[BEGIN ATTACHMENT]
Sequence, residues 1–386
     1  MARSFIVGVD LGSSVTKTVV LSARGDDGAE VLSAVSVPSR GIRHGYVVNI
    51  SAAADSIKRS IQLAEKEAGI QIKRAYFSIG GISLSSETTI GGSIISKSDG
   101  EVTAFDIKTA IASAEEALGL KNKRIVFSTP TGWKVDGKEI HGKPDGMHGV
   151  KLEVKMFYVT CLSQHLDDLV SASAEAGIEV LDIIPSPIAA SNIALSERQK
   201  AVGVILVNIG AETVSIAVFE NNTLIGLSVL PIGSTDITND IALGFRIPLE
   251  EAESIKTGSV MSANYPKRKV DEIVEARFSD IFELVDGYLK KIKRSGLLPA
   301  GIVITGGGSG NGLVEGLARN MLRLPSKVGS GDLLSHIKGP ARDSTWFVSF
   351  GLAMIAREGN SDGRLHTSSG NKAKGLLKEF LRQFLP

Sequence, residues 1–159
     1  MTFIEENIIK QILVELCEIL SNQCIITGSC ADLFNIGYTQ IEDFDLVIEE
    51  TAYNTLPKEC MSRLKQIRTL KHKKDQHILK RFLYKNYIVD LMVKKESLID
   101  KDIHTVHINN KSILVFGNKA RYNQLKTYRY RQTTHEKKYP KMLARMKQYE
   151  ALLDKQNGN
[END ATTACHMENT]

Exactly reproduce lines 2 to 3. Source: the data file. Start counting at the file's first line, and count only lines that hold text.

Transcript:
     1  MARSFIVGVD LGSSVTKTVV LSARGDDGAE VLSAVSVPSR GIRHGYVVNI
    51  SAAADSIKRS IQLAEKEAGI QIKRAYFSIG GISLSSETTI GGSIISKSDG